Review: “A Blanket of Dust” at the Flea Theatre

Anthony J. Piccione

  • New York Theatre Critic

Nearly anyone who was alive and conscious on September 11th, 2001 will tell you they remember where they were on that day. While I was only eight years old at the time, even I still remember seeing it on TV – and the reactions of everyone surrounding me – when it happened. My memory is even clearer of the aftermath in the succeeding years: the blind patriotism and trust in government among the vast majority of Americans, the pro-war propaganda of the Bush administration, and on the other side, persisting conspiracy theories surrounding who was really responsible for the collapse of the World Trade Center. All of these are the themes that A Blanket of Dust – the new play by Richard Squires – explores in a very personal and thought-provoking manner.

The play tells the story of a woman named Diana Crane (Angela Pierce from the Broadway hit OSLO) who loses her husband on 9/11, and in the aftermath, is driven toward the belief that the Bush administration – rather than terrorists – had been responsible for the tragic deaths of her husband, and of the remaining 3000 people. Along the way, she meets a political activist named Andrew Black (Tommy Schrider from TV’s The Americans and War Horse on Broadway), and as events progress further, Diana finds herself fighting for her individual liberties, and caught in a situation that could lead to her being imprisoned, if not dead.

 L to R - Anthony Newfield and Alison Fraser. Photo by Remy.

L to R - Anthony Newfield and Alison Fraser. Photo by Remy.

While I’m personally not a believer in the conspiracy theories that are delved into in this play, I do admire the way in which it deals with topics of government corruption and suppression of free speech, and how it provides a much needed reminder of a time – one that was not too long ago – when our leaders exploited the public’s patriotism and prejudices to take us into a long and prolonged conflict in the Middle East, the consequences of which – no matter how you spin it – we’re still dealing with today. In the midst of the divisive and controversial presidency of Donald Trump, it sometimes seems all too easy for some to forgive and forget the sins of past leaders, which is why works like this – however imperfect they might be, at capturing an objective reality of those terrible deeds – are much needed, so that the memory of that period in history does not go unforgotten.

Staged at the Flea Theatre in a relatively minimalistic fashion, with an all white set design, the production relies primarily on its cast – a mix of Broadway and Off-Broadway veterans – to bring the show to life. Among the better casting choices are those of Diana’s parents, portrayed by Anthony Newfield and two-time Tony nominee Alison Fraser, respectively. Each of them brings a certain level of emotion and authenticity to their respective roles. Brad Bellamy also stands out as being convincingly evil and power hungry in the role of Andrew’s father, Adam Black. For the most part, however, the entire cast – including Ms. Pierce – feels simply mediocre, and often unconvincingly emotional, in this production. As far as I’m concerned, this shows that not even the past experience of being on Broadway is a recipe for success in any given show. One particularly bad casting choice which stands out is James Patrick Nelson as Diana’s brother Charlie, whose tone-deaf voice feels off and distracting during some otherwise emotional and intense moments between the family, over the course of the play. This is all rather unfortunate, as I felt a piece like this deserved a stronger ensemble. Not that it’s the worst I’ve seen, but still, I couldn’t help but leave the theater feeling rather underwhelmed by a cast that perhaps wasn’t fully invested in such an intense story.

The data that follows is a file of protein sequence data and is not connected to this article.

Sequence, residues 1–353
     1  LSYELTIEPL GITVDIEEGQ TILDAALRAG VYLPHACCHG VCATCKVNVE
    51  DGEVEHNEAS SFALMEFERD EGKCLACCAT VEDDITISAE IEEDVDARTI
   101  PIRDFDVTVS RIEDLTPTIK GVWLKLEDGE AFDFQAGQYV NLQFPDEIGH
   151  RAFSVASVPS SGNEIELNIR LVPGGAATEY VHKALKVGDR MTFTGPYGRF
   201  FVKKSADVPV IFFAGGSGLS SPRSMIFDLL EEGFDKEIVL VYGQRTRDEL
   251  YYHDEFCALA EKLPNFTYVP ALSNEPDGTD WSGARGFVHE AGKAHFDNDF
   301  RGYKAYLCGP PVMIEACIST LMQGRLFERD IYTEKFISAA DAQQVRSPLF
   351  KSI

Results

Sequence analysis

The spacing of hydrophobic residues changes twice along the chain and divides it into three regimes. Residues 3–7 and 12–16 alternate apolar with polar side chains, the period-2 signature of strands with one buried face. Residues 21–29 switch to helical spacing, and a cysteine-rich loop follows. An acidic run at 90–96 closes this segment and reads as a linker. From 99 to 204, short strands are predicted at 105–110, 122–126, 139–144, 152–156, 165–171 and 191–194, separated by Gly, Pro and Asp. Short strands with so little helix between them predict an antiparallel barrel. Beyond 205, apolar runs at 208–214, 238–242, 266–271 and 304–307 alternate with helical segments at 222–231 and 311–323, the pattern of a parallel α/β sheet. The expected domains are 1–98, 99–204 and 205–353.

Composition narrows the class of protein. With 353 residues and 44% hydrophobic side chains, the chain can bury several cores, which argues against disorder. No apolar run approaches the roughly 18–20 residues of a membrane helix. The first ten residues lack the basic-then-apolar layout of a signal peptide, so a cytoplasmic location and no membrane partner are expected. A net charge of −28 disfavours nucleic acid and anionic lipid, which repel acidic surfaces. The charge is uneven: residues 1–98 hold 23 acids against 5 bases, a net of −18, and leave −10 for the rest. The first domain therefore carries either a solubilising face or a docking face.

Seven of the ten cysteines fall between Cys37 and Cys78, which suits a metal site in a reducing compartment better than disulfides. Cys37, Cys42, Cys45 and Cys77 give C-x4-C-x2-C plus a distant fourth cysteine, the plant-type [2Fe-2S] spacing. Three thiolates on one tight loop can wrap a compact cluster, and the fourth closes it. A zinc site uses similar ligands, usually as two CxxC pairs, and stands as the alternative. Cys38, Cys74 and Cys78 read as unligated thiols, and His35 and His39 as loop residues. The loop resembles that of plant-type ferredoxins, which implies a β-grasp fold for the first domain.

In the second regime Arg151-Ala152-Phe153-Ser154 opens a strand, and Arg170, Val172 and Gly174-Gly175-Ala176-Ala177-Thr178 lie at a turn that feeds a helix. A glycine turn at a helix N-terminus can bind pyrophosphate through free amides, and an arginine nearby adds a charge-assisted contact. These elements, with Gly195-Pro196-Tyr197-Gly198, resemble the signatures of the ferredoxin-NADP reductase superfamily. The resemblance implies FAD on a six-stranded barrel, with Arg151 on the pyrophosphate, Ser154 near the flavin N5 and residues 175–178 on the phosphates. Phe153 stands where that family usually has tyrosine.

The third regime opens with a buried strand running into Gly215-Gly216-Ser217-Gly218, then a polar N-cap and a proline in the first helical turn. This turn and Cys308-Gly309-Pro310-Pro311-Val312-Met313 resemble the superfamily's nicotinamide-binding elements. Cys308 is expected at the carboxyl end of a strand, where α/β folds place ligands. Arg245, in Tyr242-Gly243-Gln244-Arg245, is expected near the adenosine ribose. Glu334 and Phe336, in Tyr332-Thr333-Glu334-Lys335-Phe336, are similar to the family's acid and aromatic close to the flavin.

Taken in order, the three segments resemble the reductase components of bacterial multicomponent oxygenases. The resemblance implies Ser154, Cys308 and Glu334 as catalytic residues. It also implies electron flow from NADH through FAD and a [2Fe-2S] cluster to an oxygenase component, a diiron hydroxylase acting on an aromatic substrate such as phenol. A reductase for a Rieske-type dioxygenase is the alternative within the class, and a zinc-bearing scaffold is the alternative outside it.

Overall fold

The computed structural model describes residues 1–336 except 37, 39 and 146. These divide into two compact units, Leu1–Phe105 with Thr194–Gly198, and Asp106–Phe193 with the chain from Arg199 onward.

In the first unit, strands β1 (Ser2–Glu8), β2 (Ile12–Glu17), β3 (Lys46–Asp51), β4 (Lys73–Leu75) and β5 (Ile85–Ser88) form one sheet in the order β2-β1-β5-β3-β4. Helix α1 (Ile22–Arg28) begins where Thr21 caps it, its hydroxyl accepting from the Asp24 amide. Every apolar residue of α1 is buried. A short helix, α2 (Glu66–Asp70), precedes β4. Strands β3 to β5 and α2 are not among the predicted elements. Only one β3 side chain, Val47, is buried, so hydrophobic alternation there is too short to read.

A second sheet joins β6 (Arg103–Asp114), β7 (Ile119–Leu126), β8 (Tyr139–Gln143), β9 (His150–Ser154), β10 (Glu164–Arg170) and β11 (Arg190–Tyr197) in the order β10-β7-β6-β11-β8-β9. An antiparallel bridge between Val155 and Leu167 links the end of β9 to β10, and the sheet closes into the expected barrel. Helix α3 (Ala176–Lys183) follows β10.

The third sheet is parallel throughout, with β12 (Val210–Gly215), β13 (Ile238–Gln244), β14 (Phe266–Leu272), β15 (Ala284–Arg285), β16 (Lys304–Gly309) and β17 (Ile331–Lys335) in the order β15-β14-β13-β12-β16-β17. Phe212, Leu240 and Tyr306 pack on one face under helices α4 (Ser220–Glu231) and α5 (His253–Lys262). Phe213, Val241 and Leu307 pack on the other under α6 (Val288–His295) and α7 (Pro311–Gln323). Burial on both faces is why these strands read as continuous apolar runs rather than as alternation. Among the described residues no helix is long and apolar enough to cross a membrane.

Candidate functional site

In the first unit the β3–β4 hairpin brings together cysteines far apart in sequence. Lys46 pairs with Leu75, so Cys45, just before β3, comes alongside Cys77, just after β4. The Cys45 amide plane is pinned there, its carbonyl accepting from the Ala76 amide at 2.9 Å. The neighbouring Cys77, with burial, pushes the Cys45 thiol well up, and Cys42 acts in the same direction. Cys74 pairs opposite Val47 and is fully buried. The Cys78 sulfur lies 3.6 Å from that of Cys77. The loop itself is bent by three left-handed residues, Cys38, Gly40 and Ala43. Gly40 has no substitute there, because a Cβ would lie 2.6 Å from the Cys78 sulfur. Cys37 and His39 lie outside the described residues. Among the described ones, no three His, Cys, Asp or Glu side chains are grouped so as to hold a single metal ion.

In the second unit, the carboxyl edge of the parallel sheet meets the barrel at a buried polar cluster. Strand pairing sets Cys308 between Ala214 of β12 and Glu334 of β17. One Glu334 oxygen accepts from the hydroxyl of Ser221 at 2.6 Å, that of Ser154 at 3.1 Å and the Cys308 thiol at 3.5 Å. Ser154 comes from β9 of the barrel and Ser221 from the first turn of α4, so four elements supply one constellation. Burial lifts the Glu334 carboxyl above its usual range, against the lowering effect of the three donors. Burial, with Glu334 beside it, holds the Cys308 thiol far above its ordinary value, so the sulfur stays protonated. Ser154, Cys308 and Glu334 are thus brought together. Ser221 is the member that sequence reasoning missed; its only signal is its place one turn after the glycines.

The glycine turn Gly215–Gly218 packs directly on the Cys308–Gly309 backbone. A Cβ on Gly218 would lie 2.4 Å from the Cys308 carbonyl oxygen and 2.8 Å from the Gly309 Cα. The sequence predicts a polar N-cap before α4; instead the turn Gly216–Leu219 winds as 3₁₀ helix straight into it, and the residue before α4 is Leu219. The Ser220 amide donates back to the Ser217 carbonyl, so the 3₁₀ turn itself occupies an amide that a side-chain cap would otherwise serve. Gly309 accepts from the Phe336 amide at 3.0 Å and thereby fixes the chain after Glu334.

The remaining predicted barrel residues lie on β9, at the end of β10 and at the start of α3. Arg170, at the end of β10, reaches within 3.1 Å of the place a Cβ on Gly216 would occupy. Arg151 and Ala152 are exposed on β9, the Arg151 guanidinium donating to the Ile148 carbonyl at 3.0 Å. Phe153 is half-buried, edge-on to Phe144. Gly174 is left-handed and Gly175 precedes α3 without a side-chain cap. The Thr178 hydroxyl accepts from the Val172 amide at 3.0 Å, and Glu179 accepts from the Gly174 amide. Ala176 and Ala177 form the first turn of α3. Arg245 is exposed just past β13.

For my previously mentioned reasons, with regards to the topics confronted in this play, I think this play still deserves to be seen by theatergoers, due to the conversation it’s bound to spark among audience members. I personally could see it being adapted for the screen, and potentially going on to be a very successful film, albeit on the condition that some of the casting decisions were corrected. I encourage you all to go see this show, decide for yourself on those areas, and no matter what, be prepared to think back and reflect on some recent historical events that still feel relevant, over a decade later…

 “A Blanket of Dust” runs at the Flea Theatre from June 12th-30th. For more information, please visit www.ablanketofdust.com.